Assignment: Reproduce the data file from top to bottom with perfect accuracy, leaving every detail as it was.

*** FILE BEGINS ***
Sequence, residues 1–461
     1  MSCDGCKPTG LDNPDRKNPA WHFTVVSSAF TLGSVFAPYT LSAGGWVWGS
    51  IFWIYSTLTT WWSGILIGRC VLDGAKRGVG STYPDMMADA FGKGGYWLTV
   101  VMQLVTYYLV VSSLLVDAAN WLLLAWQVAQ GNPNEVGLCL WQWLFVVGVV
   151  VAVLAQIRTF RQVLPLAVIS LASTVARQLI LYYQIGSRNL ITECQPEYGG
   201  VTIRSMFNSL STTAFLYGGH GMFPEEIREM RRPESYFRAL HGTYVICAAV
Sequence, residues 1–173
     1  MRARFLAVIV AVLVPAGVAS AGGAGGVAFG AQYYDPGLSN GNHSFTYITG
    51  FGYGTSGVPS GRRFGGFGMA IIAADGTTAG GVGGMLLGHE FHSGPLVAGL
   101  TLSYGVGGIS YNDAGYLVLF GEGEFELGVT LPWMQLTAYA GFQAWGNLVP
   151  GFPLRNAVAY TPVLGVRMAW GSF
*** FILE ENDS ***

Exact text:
Sequence, residues 1–461
     1  MSCDGCKPTG LDNPDRKNPA WHFTVVSSAF TLGSVFAPYT LSAGGWVWGS
    51  IFWIYSTLTT WWSGILIGRC VLDGAKRGVG STYPDMMADA FGKGGYWLTV
   101  VMQLVTYYLV VSSLLVDAAN WLLLAWQVAQ GNPNEVGLCL WQWLFVVGVV
   151  VAVLAQIRTF RQVLPLAVIS LASTVARQLI LYYQIGSRNL ITECQPEYGG
   201  VTIRSMFNSL STTAFLYGGH GMFPEEIREM RRPESYFRAL HGTYVICAAV
Sequence, residues 1–173
     1  MRARFLAVIV AVLVPAGVAS AGGAGGVAFG AQYYDPGLSN GNHSFTYITG
    51  FGYGTSGVPS GRRFGGFGMA IIAADGTTAG GVGGMLLGHE FHSGPLVAGL
   101  TLSYGVGGIS YNDAGYLVLF GEGEFELGVT LPWMQLTAYA GFQAWGNLVP
   151  GFPLRNAVAY TPVLGVRMAW GSF